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I wrote a script to automatically add a ServerAlias to an Apache configuration file, then restart Apache, with a rather remedial understanding of sed and tr and probably shell scripting in general. This is what I came up with:

cp /etc/httpd/sites/site.conf tmphost &&
sed s/ServerName\ site.com/ServerName\ site.com^#ServerAlias\ sub.site.com/ \
        tmphost |
    tr '^#' '\n\t' >/etc/httpd/sites/site.conf &&
rm -f tmphost &&
apachectl restart

Basically I'm creating a copy, replacing the ServerName line with itself + the new alias, using tr to put in the newline and tab (sed was being weird about that?), overwriting the old configuration file, deleting the copy, then restarting Apache.

It works, but doesn't really make mama proud, if you know what I mean. Any ideas on how to clean that up?

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2 Answers 2

up vote 3 down vote accepted

If you want to add a ServerAlias line after ServerName line, why not use the 'append' command to add a line:

sed '/ServerName site.com/a\
    ServerAlias sub.site.com' tmphost >/etc/httpd/sites/site.conf

There's a 'tab' at the start of the extra line, which you seem to need.

If you have GNU sed, you can do the edit in-place with the -i option and without the temporary file (but don't use the -i option if the file you are editing has multiple hard links, and probably not it if it is a symlink, either; see the comments below from William Pursell).

Note that you should wrap the code in:

trap "rm -f tmphost; exit 1" 0 1 2 3 13 15
...script manipulating tmphost...
rm -f tmphost
trap 0

so that the temporary file is not left around if the shell exits because of a signal. Of course, if you have an in-place alter, you don't need the temporary file at all.

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On the other hand, what does sed -i do with the temporary file if it aborts for some reason? Does it clean up the temporary file? It is probably best to avoid -i. –  William Pursell Sep 12 '12 at 21:05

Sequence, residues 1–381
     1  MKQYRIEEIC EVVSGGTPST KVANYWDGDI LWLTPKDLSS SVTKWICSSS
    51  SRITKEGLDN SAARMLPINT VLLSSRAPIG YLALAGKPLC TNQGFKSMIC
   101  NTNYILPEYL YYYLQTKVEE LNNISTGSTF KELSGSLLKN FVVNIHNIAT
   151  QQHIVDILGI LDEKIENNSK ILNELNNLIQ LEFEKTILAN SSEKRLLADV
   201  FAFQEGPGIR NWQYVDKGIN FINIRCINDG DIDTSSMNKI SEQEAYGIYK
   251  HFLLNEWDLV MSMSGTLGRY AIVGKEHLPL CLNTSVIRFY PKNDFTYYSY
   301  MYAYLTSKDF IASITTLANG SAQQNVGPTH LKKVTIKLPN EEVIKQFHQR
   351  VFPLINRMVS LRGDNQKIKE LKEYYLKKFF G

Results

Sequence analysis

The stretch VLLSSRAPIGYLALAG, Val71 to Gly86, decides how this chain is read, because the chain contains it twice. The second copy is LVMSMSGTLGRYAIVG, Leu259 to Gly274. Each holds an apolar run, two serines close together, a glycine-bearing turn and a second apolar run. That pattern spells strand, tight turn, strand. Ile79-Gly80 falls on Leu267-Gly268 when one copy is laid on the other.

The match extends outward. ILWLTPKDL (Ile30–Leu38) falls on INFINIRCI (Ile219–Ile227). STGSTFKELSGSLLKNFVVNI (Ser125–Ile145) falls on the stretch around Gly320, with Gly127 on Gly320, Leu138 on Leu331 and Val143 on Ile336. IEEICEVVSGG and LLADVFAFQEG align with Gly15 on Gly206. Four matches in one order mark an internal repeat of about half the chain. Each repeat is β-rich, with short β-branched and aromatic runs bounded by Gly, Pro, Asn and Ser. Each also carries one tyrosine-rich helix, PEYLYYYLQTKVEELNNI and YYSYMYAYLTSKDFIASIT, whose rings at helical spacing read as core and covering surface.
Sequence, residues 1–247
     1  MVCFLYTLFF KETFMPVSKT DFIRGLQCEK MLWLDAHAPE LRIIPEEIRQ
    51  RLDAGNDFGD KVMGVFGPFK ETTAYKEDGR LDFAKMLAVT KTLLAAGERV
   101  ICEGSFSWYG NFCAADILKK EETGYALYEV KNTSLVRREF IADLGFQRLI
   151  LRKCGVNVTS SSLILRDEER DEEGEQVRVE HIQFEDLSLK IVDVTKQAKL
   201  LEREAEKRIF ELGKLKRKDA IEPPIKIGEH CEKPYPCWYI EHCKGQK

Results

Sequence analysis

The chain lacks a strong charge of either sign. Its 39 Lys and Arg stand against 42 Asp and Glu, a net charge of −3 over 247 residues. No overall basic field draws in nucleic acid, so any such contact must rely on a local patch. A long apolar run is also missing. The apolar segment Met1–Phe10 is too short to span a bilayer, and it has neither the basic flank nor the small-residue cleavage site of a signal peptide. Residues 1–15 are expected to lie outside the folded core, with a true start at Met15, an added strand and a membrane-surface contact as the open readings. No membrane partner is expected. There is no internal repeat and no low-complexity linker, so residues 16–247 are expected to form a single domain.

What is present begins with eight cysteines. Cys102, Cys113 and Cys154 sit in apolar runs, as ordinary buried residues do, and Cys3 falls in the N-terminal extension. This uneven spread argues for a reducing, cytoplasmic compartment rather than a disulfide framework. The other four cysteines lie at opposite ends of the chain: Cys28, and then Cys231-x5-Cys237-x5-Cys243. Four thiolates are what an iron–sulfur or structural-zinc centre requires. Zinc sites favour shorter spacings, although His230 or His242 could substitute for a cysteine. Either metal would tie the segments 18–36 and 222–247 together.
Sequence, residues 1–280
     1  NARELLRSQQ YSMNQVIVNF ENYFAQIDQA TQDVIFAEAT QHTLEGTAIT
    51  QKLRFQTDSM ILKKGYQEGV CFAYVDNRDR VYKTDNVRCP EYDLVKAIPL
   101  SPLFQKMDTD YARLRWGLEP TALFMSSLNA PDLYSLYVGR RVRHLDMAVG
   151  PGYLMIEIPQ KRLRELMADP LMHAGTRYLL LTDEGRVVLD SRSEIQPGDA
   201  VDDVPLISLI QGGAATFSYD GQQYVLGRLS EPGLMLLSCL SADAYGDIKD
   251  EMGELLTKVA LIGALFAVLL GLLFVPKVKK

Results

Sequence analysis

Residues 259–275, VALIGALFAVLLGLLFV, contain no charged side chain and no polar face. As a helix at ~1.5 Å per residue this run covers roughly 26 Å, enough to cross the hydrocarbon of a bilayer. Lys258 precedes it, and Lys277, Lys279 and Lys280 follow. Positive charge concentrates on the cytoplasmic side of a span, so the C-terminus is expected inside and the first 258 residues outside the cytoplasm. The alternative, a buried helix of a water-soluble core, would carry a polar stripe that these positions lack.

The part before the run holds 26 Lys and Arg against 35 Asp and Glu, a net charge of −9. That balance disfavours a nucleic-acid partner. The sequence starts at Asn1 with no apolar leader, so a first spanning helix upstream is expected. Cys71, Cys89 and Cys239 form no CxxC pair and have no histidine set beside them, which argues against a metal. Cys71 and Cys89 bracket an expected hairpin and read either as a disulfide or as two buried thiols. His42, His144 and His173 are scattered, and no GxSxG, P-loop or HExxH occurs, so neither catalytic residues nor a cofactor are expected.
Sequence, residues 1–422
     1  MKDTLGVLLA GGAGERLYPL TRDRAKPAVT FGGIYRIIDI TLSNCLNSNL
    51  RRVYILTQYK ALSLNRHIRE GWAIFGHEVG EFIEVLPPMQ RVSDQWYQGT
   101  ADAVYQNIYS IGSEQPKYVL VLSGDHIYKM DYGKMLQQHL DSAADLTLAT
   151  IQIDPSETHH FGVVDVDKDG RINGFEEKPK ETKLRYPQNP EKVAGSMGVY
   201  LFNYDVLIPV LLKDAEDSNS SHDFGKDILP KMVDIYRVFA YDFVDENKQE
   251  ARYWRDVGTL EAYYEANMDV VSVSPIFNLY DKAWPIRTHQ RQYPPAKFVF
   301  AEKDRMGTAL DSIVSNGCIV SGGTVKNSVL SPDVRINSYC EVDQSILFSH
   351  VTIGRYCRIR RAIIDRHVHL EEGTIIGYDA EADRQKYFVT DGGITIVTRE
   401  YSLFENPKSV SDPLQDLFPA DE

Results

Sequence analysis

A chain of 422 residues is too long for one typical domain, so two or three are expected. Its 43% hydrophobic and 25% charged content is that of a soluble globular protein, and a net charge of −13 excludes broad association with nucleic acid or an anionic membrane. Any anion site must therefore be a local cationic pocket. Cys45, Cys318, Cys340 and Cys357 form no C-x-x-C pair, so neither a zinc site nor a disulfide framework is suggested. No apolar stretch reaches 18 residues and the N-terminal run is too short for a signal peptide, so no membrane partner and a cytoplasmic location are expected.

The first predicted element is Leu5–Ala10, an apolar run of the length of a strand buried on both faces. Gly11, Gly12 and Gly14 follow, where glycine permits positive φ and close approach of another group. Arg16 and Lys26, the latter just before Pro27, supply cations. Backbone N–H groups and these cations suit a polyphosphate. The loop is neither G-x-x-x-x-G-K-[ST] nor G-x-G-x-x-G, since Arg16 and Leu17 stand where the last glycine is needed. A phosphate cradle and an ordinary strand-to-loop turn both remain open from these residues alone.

I just got it working with sed -i.bak '/ServerName site.com/a \ ServerAlias sub.site.com' /etc/httpd/sites/site.conf. Note I had to remove the s for the append to work. –  Oren Baldinger Sep 12 '12 at 21:08
Apologies — I'll fix the answer. –  Jonathan Leffler Sep 12 '12 at 22:02
@WilliamPursell: interesting question, and one which I've not investigated. There are several related questions: (1) Does it work correctly when the file has multiple hard links? (2) Does it work when the name given is a symlink? I assume that the people who added the -i option dealt with both those cases (and with interrupting signals), but I have not proven that. –  Jonathan Leffler Sep 12 '12 at 22:05
sed -i definitely breaks hard links with gnu sed 4.1.2, which is the main reason I do not use that option. –  William Pursell Sep 13 '12 at 17:35

I like the way with direct ServerAilas addition using sed :

sed -i "0,/^ServerName.\+/s//\0\nServerAlias sub.site.com/" /etc/httpd/sites/site.conf
apachectl reload
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